Ohio became a state on March 1, 1803 – a fact that was celebrated by the fourth grade at Julia’s school, yesterday. The social studies teacher had requested donations for the class parties last week and I happily volunteered to send in the cake (which I made joyfully and lovingly) for Julia’s class. (Twice.)(The party was postponed once.)(And thank goodness. The Cake, Second Edition was much better than the first. [This is why there are no pictures of the first one.])
The cake didn’t end up in Julia’s class, though. The parents who wished to donate cakes all had kids in the same class, so the cakes were randomly assigned instead. Julia informed me that our cake was the only one that was homemade and was THE MOST ENORMOUS. (It weighed 12 pounds.)(I know I’m ridiculous.) After feeding the class, it also fed the staff in the principal’s office and the custodian. I’m not sure if that made her proud or embarrassed or, more than likely, nothing at all because it’s just a cake!
I’m beginning to think I find cake to be more exciting than most people.
The Ribbon Festival was on Saturday. (You remember The Ribbon Festival. We’ve been there one, two, three, four, five times before.) It had been on my calendar for a month. The dresses had been chosen for a week. The day before, I had pulled out the music and numbered the measures, hung out the dresses, and located the shoes – in fact, we’d done a test fitting, just to be sure we were ready. But two hours before performance time, we were not ready. Julia had lost a shoe and Lucy’s shoes, suddenly and inexplicably, did not fit. So, at forty-five minutes to showtime, after a swift foot measurement, I sent the girls down their respective aisles at the shoe store with the task of selecting a black dress shoe in their size. This is how Julia ended up with a pair of heels – low heels, but HEELS – and Lucy, wedges.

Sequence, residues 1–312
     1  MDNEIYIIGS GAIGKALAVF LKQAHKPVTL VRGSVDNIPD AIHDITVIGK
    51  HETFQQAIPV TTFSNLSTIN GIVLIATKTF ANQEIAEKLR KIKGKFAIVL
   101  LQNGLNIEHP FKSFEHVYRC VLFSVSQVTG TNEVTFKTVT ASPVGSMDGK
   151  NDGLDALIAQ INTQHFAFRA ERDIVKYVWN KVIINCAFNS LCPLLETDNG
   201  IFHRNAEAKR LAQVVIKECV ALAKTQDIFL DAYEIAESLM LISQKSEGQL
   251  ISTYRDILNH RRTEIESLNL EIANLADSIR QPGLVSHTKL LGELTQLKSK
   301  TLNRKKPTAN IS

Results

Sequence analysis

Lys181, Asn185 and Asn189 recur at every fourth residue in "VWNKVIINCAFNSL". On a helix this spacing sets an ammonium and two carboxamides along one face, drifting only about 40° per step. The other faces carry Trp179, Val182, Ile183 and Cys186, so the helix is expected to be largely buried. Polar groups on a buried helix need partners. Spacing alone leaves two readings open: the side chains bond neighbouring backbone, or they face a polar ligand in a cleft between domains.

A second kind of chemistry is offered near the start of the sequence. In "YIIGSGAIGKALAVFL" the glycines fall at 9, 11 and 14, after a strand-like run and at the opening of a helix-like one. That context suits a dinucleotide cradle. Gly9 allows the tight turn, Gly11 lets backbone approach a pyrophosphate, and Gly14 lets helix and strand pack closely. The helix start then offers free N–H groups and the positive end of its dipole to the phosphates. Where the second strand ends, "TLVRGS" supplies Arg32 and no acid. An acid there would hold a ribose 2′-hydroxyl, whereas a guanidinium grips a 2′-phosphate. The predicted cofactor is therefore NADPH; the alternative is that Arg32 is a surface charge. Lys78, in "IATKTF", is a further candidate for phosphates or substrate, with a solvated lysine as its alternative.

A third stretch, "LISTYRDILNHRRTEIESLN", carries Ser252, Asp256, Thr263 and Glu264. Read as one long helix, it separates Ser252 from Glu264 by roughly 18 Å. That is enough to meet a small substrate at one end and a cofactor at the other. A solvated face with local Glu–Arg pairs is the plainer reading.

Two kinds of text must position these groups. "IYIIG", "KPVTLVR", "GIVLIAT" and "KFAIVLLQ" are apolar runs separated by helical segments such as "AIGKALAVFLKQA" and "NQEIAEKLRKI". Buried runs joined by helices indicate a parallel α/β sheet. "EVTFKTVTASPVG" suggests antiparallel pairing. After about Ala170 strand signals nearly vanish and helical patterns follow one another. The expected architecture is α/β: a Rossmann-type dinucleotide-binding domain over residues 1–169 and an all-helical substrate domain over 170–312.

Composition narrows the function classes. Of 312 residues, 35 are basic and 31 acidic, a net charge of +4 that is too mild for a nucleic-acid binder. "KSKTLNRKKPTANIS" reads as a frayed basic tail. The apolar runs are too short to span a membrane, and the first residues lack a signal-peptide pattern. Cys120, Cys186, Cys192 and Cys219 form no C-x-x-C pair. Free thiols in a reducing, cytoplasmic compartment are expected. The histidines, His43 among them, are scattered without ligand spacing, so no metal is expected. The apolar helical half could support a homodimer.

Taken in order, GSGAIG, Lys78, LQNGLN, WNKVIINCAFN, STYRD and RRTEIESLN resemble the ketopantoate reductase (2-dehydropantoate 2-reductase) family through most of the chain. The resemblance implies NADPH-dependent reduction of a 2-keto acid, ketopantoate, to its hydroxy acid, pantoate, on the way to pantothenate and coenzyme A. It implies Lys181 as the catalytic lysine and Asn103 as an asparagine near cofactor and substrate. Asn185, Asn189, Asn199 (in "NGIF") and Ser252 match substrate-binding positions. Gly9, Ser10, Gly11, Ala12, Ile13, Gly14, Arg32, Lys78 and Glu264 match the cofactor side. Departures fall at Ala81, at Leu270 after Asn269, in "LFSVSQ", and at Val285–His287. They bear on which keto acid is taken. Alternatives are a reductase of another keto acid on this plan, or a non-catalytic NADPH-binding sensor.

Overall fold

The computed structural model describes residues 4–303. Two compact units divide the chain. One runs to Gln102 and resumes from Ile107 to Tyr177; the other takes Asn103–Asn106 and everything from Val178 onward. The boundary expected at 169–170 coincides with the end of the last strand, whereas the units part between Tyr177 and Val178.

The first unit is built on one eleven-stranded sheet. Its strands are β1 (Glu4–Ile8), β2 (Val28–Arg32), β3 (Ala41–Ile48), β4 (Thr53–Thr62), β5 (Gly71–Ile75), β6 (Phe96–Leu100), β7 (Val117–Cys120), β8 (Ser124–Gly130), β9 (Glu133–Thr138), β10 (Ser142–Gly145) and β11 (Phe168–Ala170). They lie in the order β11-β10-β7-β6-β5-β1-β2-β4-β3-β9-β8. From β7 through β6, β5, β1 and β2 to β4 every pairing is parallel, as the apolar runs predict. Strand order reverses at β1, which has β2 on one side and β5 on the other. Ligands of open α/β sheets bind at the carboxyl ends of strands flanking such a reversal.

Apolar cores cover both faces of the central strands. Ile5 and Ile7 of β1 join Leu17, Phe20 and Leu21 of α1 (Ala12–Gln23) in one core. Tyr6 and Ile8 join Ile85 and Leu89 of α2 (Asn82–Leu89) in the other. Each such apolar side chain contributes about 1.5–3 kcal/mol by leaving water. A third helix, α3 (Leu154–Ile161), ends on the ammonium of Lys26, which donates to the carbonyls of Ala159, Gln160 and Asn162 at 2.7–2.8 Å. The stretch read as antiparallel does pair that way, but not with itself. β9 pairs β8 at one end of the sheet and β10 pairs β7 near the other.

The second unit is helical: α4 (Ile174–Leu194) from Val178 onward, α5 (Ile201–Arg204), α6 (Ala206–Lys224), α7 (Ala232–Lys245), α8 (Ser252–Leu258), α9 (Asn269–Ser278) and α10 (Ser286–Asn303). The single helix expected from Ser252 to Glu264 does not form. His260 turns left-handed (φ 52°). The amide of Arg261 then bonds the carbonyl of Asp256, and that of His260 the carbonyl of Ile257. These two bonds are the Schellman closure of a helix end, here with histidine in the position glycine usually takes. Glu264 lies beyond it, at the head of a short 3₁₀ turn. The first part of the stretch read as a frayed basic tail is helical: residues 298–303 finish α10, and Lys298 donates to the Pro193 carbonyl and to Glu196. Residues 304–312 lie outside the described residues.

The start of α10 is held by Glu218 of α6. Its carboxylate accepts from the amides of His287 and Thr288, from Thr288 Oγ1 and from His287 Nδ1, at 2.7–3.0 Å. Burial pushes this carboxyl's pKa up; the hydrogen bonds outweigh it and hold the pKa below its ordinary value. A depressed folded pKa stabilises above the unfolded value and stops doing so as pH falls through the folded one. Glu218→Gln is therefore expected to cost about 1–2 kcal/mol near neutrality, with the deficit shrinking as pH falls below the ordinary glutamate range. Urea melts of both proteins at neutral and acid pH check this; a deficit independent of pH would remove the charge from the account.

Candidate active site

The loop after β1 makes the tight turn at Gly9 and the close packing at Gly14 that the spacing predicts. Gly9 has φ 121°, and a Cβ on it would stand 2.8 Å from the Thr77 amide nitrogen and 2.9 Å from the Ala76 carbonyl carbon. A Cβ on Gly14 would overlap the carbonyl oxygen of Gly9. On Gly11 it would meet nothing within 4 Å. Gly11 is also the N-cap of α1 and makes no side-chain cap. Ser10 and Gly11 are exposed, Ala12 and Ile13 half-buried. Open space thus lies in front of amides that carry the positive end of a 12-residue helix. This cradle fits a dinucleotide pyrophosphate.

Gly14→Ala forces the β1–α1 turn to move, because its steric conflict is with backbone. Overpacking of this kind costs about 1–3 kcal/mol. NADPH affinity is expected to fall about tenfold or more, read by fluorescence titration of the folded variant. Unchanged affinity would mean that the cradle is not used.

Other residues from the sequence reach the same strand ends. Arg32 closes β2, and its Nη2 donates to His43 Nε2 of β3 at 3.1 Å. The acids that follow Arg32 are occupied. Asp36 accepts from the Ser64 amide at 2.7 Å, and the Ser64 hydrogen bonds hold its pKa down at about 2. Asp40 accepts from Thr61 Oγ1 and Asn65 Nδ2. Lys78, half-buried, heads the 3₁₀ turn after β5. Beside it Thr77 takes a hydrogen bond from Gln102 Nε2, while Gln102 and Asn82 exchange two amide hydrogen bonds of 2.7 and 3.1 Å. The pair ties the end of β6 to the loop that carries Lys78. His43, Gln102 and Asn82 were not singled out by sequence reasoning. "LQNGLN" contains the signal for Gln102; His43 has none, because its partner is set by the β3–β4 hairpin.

This wouldn’t have happened on any other day.
They put them on right there in the store and walked proudly out of the mall like they had those robot legs from Herbie Hancock’s Rockit video.
Amazingly, we were on time for the event.
Lucy battled her stage fright on the bench for 68 agonizing seconds (which I cut from the video) before tentatively, but successfully performing Lightly Row.
Julia played Minuet 2.
They felt pretty good about themselves.
They were almost as pleased with their ribbons as they were with their shoes.
She put them on and was stunned by all the things she hadn’t been seeing.
“I can read that sign over there!”
“You couldn’t read it before?”
“I didn’t even know it had words on it before!!!”
I’m just so thankful we figured it out. She’d seemed so tired and somber lately that I was getting concerned. I mentioned it to her teachers and one of them suggested that she might be having trouble seeing. And that’s a much better problem than the ones I was fearing!
Anyway. I think they suit her.
“Jack, you’re in the snow!”
Is that what that is?
Can we go in now?
This place has been quiet for 33 days, which is the longest I’ve ever gone without publishing something here. I might have gone longer had I not decided to make heart-shaped Jell-o cookies in six different colors for both Julia and Lucy’s Valentine parties at school.
Look at them!
Okay, they don’t look like much, especially compared to Helen’s. (I found the recipe on her blog.) But they tasted great. And they were a lot of work, which is why I’m showing them to you now. They represent an entire day of my life.
Along with the cookies, the girls took the valentines they made for their classmates to school. Lucy made handprint hearts.
Julia made origami lollipop hearts.
Meanwhile, these two have been sleeping together.
*Remember that song?